Getting Creative: Nonprofit Fundraising Ideas to Consider

In an economy still not yet fully recovered from the recession of eight years ago, it’s no simple task to chase down donations for your charity. Indeed, in 2008 alone it’s estimated that charitable giving fell by nearly 10 percent, and it was only two years ago that those numbers began to tick back up to pre-recession levels.


As a result, many non-profits have had to seriously reevaluate how they ask for money. Of course there are always the tried-and-true methods—appealing to individuals, direct mailing, seeking grants and holding events—but there are also some worthy endeavors that many organizations have either not considered or don’t even know about.

Looking beyond the traditional channels of generating interest and, therefore, dollars and volunteers, investigate the possibility of adding a new dimension to your fundraising efforts through one of these outside-the-box ideas. They’re certainly worth a try, especially if your standard efforts are ceasing to yield results or if you’re seeking to launch a new initiative.

Seek out the minor donor groups
Chasing down support from a major donor—a wealthy individual or business or corporation—has long been a staple for nonprofits. But don’t dismiss the potential of forming a “minor donor group.” These are people who normally give $50-$500 annually to charities, and they’re a great resource for motivating smaller givers who will more likely supporter your organization at a consistent level of giving.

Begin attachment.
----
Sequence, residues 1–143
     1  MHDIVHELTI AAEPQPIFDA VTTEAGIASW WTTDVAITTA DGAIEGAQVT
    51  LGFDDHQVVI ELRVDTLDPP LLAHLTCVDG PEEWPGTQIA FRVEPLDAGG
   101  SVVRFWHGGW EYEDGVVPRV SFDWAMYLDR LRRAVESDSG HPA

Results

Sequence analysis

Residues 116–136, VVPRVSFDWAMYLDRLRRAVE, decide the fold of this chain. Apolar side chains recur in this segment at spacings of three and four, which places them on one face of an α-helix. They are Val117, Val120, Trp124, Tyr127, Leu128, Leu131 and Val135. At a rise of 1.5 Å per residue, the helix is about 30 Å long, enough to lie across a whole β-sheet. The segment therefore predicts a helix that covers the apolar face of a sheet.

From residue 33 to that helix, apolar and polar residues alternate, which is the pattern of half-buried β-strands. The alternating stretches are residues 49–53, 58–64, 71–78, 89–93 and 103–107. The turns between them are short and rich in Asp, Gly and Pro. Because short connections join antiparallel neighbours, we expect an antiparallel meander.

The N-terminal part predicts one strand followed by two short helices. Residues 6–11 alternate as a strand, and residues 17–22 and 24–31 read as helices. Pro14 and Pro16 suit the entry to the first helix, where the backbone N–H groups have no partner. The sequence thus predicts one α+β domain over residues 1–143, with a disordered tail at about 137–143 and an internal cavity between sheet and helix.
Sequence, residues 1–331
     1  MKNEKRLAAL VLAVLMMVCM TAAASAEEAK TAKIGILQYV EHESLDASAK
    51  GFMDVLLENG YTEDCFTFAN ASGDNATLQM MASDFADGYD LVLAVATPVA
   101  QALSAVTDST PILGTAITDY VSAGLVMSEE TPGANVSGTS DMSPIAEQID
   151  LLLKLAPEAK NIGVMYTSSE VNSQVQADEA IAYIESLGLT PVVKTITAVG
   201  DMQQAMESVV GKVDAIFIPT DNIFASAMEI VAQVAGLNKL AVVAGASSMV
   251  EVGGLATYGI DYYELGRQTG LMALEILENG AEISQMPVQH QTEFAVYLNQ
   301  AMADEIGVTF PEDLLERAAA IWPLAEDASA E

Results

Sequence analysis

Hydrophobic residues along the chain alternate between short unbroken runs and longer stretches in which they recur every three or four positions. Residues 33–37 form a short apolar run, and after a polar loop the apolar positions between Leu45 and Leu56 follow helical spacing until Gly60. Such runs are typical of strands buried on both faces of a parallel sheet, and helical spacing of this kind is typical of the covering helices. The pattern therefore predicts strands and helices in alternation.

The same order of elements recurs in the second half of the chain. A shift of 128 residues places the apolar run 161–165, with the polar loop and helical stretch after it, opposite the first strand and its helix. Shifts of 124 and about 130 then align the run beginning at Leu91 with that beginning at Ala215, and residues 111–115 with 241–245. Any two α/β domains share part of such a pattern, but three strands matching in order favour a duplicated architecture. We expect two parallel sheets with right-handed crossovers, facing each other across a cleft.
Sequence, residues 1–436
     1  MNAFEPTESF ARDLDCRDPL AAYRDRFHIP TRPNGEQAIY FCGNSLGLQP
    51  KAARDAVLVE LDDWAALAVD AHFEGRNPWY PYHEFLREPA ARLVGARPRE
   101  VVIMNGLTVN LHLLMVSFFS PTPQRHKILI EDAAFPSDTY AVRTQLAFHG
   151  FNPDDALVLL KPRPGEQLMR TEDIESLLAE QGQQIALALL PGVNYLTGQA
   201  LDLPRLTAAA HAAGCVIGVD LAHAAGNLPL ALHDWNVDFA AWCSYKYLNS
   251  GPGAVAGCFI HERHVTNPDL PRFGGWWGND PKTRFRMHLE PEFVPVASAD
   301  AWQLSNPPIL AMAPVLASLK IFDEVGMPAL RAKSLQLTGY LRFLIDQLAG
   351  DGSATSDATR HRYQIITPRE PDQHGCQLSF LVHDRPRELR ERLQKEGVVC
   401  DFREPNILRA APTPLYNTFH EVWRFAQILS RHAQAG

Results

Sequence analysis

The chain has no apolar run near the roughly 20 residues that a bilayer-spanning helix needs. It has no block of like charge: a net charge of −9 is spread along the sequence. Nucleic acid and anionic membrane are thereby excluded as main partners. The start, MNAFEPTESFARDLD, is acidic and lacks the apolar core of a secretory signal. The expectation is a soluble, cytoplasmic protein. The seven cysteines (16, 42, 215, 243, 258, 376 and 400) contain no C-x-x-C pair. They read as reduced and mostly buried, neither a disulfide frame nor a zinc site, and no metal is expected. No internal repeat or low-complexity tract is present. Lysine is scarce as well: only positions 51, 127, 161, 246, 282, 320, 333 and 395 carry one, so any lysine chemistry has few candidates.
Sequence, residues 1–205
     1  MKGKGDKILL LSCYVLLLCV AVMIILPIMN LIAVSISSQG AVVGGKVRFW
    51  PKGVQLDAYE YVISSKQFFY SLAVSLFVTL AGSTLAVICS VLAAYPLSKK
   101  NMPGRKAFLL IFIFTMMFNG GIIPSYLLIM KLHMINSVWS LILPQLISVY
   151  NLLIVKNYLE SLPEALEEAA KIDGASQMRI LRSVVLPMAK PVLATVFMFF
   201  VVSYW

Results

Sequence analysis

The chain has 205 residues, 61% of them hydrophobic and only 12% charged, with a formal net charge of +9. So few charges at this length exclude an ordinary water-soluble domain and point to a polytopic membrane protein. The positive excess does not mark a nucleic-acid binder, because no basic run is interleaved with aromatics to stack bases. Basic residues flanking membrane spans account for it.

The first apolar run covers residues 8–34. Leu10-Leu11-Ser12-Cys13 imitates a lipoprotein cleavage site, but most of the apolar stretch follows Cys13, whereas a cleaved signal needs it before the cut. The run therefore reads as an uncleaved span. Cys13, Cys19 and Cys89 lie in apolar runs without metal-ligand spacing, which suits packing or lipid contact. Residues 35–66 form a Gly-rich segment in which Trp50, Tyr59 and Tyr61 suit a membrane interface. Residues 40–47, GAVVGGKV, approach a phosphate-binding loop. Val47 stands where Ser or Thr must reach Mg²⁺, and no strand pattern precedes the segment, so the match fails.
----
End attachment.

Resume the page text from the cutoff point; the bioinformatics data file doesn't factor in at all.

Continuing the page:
Minor donor groups thrive on a simple set of membership benefits (an e-newsletter, t-shirt or bumper sticker, for instance.) And once you have the group formed and growing, consider having an annual meeting to keep the group involved and cohesive.

Try “affinity” fundraising
“Affinity” fundraising involves forming a network of supporters within your organization and raise donations on your behalf. Just ensure that the group you form is made up of people who have something in common with one another—thing in terms of a young professional or women helping women group.

Because these people have something intrinsically in common, they often grow quickly as existing members recruit others who share the core interest. So essentially, minor donor groups have the potential to grow exponentially, which translates to increased revenue flow and a solid supporter base.

Take a new tact on events
They’re called “super” events, a new spin on the event-based fundraising tactic. With a super event, you recruit lots of “hosts” to hold small fundraising events on behalf of your organization on the same night and around the same theme. These satellite events can be tied together by a conference call between supporters—executive directors, board chairs etc.—or even a live Internet broadcast showcasing the different gatherings.

Super events work well because they require less effort from a nonprofit’s staff—most of the work is done by the satellite hosts—and because you can set specific fundraising goals (such as $2,000 per event). They also tend to raise more money due to an increased buzz around the effort.

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